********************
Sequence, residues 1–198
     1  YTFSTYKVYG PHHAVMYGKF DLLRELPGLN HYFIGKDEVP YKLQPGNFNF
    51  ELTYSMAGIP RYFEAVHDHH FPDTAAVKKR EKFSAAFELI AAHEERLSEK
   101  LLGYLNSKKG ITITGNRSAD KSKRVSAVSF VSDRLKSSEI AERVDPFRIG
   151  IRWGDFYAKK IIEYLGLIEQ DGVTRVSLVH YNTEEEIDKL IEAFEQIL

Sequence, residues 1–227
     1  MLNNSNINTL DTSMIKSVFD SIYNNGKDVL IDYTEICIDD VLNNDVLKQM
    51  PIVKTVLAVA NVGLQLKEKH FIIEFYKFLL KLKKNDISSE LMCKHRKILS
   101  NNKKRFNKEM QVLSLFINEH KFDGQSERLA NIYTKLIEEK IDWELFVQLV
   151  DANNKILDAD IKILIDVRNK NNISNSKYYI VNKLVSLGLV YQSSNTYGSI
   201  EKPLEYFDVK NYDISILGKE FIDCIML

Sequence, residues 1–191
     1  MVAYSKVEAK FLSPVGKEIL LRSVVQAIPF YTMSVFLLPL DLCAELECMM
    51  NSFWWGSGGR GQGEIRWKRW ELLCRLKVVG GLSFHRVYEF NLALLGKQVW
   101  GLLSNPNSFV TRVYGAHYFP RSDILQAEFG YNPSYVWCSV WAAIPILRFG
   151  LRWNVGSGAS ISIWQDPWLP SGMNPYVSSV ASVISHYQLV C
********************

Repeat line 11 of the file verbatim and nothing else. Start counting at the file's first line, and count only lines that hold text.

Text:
   201  EKPLEYFDVK NYDISILGKE FIDCIML